Wicked Happy June 9th, 2010
Happiness has been on my mind a great deal lately. It was one of Momalom’s Five for Ten themes. It is the sole subject matter of Gretchen Rubin’s The Happiness Project, which I’m currently devouring. And it comes up on track 12 of the soundtrack from Wicked which has gotten significant airtime in my car since we returned from New York nearly three weeks ago. While all three of these venues have addressed the topic admirably, it is the last one which has crawled into my mind and been poking at me with irritating regularity.
I’ll spare you the context for track 12 (which is properly entitled “Thank Goodness”) because for the purposes of this discussion it really doesn’t matter. What matters is that Glinda (“the good witch” as most of us know her) hits on an uncomfortable truth. Gretchen Rubin would probably tell us that these lyrics address the “arrival fallacy” of happiness (p. 84 in THP, for those of you following along at home). And she would be right. But for me these lyrics hit me at more of a gut level than an academic one. I care less about why they scare me, and more about the fact that they do so in the first place.
That’s why I couldn’t be happier
No, I couldn’t be happier
Though it is, I admit
The tiniest bit
Unlike I anticipated
But I couldn’t be happier
Simply couldn’t be happier
(spoken) Well – not “simply”:
’Cause getting your dreams
It’s strange, but it seems
A little – well – complicated
There’s a kind of a sort of… cost
There’s a couple of things get… lost
There are bridges you cross
You didn’t know you crossed
Until you’ve crossed
And if that joy, that thrill
Doesn’t thrill you like you think it will
Still – With this perfect finale
The cheers and ballyhoo
Who wouldn’t be happier?
So I couldn’t be happier
Because happy is what happens
When all your dreams come true
Well, isn’t it?
Happy is what happens
When your dreams come true!
So there you have it: the one minute of a four-ish-minute song that I’ve listened to over and over and over again for three weeks, trying to understand why it’s plaguing me. After much head scratching I’ve come to the conclusion that these lyrics bother me because they are true. Glinda addresses the fact that when we get what it is that we think we want, we may be surprised at how the experience isn’t just as we pictured it. More bothersome still, Glinda’s approach to this truth – skittish and furtive – almost says more than the words themselves. She almost goes there – to that place of full-bore disappointment – but stops short of it, not treading past the allusion.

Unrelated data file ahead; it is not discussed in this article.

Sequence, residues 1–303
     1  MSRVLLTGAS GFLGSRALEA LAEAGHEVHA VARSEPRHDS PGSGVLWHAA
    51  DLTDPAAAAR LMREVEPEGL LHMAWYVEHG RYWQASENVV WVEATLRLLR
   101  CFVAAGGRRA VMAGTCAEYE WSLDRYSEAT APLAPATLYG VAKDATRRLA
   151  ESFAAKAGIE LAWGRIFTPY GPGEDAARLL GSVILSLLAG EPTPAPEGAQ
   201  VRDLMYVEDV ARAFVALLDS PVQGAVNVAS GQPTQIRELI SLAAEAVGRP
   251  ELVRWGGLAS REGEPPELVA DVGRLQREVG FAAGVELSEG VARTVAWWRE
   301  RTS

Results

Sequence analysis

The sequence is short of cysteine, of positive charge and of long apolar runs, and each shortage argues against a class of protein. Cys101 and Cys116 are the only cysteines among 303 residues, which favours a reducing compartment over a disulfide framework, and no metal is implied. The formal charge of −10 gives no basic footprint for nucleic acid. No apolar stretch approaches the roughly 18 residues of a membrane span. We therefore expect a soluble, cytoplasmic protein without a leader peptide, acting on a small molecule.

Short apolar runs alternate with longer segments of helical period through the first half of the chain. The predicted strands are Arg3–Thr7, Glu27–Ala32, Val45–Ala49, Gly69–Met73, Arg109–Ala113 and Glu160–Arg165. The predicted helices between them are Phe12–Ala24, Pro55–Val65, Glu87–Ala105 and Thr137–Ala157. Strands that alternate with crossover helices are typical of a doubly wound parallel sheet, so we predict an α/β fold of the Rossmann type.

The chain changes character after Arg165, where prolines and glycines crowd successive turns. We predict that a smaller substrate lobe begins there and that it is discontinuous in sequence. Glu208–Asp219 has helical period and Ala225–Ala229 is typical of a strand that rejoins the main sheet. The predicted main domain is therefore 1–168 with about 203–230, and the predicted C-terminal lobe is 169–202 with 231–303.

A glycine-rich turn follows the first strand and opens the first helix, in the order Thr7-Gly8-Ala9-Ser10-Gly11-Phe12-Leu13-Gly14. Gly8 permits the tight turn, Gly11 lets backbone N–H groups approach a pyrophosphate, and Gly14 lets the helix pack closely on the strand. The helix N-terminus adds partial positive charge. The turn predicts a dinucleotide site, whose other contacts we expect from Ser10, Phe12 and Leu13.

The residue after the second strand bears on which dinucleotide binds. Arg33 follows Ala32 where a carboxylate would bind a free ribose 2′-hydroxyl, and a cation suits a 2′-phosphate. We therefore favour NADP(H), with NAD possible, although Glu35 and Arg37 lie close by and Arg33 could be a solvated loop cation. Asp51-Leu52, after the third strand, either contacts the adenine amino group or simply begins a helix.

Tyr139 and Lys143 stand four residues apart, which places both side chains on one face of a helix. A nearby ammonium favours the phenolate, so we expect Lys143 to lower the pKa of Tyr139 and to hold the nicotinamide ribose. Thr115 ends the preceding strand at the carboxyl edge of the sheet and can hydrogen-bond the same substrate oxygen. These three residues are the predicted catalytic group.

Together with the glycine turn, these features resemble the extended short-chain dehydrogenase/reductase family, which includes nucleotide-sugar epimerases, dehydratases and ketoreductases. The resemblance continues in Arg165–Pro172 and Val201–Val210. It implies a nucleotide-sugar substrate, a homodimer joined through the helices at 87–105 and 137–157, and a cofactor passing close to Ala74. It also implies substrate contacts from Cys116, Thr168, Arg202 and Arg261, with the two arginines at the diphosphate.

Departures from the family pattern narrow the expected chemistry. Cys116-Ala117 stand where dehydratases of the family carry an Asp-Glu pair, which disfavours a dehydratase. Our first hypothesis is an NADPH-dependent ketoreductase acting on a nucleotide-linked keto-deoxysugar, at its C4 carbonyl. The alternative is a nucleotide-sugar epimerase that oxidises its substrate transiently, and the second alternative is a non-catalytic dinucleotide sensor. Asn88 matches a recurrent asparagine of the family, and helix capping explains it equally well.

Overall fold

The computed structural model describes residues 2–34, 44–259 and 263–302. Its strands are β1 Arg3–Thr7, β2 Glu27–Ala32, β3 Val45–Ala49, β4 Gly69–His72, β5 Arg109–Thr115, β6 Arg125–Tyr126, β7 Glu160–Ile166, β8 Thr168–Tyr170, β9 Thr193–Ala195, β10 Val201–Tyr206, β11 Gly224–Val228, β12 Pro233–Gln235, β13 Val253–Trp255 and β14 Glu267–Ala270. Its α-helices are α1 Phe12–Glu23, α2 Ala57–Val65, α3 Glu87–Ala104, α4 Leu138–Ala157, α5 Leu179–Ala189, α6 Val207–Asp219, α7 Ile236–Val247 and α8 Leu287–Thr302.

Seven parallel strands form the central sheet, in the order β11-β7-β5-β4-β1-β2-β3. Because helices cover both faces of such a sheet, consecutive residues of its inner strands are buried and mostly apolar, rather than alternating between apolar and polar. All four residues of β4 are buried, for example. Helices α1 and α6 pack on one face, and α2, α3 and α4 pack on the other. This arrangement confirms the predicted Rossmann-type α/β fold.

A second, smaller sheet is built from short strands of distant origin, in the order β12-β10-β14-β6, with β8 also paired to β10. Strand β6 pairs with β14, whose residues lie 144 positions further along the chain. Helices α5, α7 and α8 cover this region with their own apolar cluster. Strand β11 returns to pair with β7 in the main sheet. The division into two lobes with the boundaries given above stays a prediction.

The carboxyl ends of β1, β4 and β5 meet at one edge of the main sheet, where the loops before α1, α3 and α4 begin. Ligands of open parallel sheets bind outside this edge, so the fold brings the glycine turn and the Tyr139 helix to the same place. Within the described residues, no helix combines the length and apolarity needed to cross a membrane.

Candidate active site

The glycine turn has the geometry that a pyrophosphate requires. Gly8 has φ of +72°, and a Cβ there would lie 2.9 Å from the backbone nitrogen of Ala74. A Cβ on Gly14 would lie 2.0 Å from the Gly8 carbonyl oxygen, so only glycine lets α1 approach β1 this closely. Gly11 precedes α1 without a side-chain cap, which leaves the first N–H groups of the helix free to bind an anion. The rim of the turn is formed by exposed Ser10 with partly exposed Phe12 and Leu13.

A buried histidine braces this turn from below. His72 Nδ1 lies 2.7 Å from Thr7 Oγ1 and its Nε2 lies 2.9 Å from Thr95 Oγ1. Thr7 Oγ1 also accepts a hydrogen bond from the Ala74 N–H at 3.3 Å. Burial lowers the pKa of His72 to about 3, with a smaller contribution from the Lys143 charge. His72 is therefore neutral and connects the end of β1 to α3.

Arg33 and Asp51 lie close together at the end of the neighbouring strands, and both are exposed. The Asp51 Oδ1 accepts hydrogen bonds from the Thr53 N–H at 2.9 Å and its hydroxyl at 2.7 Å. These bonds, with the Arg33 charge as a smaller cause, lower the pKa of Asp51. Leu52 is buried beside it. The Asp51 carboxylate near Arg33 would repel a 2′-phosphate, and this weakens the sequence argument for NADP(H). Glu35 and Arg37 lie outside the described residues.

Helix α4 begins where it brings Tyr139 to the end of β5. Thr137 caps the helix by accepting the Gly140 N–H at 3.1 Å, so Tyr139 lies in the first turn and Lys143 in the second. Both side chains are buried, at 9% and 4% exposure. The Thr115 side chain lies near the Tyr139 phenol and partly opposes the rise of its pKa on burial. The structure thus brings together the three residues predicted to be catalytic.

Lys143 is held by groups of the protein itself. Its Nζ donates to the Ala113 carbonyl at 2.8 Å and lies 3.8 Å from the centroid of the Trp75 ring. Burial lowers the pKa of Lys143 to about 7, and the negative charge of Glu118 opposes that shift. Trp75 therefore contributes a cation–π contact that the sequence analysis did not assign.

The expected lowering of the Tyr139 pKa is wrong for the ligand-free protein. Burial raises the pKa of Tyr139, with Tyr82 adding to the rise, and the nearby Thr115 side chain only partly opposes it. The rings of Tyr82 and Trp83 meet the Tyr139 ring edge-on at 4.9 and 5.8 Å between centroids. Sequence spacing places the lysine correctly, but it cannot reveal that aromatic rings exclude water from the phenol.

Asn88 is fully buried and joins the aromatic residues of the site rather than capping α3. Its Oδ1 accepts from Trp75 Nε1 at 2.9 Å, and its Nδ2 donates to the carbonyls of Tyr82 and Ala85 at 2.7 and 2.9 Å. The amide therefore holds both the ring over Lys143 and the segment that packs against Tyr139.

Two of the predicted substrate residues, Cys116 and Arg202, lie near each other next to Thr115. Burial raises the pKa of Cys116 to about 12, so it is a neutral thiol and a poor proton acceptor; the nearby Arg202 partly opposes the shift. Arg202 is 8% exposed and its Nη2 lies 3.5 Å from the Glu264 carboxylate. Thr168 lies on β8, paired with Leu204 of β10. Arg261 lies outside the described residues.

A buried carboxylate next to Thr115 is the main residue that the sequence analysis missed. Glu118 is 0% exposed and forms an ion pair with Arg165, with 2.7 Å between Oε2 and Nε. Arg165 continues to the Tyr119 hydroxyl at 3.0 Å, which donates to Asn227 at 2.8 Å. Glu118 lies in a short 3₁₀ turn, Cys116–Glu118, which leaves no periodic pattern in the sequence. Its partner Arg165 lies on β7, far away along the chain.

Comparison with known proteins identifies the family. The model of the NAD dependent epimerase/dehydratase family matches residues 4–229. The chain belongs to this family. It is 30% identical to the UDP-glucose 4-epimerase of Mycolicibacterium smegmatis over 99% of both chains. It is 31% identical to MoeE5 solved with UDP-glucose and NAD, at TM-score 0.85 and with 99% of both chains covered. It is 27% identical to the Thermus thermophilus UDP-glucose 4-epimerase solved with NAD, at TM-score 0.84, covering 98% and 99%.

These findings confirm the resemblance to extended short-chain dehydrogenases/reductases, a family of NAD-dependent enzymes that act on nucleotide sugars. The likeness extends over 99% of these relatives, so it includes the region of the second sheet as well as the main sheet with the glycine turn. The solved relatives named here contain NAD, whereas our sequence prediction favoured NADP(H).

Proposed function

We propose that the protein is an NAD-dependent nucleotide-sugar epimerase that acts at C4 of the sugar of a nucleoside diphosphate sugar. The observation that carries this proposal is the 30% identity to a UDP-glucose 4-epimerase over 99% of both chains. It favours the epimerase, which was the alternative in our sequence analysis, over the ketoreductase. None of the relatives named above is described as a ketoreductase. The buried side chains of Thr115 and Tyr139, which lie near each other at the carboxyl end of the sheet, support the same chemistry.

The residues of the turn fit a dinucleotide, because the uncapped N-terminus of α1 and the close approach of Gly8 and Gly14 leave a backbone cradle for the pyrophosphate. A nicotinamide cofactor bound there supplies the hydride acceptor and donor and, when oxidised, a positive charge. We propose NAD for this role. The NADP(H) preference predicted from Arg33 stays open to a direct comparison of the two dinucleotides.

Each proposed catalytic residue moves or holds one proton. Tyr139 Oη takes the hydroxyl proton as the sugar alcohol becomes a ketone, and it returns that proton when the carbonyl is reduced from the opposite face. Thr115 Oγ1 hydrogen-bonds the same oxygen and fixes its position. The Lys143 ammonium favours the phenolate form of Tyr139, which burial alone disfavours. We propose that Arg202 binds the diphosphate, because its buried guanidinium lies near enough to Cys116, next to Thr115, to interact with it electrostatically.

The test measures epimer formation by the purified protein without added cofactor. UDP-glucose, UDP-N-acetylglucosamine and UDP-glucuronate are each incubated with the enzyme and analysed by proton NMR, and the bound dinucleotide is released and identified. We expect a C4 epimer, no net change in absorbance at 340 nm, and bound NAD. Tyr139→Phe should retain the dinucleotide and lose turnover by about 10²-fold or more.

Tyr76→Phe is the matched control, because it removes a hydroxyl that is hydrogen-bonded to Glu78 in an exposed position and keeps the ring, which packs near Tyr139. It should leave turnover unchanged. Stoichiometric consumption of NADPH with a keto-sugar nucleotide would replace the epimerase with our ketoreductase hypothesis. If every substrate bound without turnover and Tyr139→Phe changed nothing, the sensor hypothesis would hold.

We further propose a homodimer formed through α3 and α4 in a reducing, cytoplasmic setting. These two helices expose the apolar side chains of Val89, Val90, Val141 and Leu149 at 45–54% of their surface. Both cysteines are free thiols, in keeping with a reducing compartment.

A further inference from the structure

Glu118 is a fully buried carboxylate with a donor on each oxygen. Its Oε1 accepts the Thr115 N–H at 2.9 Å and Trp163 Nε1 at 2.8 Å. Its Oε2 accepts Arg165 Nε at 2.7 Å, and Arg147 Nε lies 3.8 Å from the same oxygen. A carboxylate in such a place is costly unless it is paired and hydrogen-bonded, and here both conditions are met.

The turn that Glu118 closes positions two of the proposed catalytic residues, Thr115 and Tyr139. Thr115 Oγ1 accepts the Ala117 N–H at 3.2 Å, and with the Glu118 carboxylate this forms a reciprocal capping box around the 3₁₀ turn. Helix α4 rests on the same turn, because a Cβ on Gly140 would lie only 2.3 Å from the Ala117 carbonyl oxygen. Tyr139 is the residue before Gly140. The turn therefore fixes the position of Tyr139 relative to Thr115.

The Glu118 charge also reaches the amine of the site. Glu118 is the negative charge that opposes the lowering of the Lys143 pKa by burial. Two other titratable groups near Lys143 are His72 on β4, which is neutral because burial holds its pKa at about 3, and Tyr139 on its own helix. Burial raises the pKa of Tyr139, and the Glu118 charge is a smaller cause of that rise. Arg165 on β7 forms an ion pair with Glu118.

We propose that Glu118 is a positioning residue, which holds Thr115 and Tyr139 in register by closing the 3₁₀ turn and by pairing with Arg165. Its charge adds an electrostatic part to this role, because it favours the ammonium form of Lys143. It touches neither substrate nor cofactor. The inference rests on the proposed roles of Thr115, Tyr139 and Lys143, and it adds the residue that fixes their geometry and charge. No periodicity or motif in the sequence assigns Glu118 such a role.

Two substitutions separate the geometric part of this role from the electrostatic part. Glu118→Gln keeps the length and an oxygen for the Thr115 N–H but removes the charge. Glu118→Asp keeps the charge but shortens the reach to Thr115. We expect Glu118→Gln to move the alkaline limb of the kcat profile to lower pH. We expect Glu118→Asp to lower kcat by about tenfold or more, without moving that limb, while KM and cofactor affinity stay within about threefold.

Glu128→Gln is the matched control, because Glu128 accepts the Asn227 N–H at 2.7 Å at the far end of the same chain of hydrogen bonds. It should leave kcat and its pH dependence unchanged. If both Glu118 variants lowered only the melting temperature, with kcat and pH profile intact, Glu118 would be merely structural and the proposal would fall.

This is a frightening truth to broach. We want to believe that when we achieve whatever goal we have set for ourselves that happiness, pure and unadulterated, will pour forth into our lives. Yet rarely is this the case. My friend Aidan touched on this very phenomenon in a post of hers just last week, causing me to contemplate it further. This whole premise feels much more frightening when someone you know personally (rather than a witch in a musical…) is experiencing it in real time.
I have goals and dreams and ideas about my future. Naturally, in my head the attainment of said goals and dreams comes equipped with clouds parting, angels singing, cartoon birds sitting on my shoulder (a la (500) Days of Summer), and sickeningly sweet bliss at every turn. With a finish line like that on the horizon, why wouldn’t I run full speed ahead toward my goals? But understanding that actual finish line may be something more bittersweet I pause to think carefully about the goals I have set.
I turn back to Gretchen Rubin for a life-line. She writes:
The challenge, therefore, is to take pleasure in the “atmosphere of growth,” in the gradual progress made toward a goal, in the present. … the arrival fallacy doesn’t mean that pursuing goals isn’t a route to happiness. To the contrary. The goal is necessary, just as is the process toward the goal. Friedrich Nietzshce explained it well: “The end of a melody is not its goal; but nonetheless, if the meolody had not reached its end it would not have reached its goal either. A parable.”
And so it turns out that the means is the end. Leave it to Nietzsche and Gretchen Rubin to explain this fearful premise in a way that makes me feel as though I’ve been handed a gift with a bow on top. Now someone just needs to explain this to Glinda. Perhaps it is the kind of philosophy that would resonate better with Elphaba.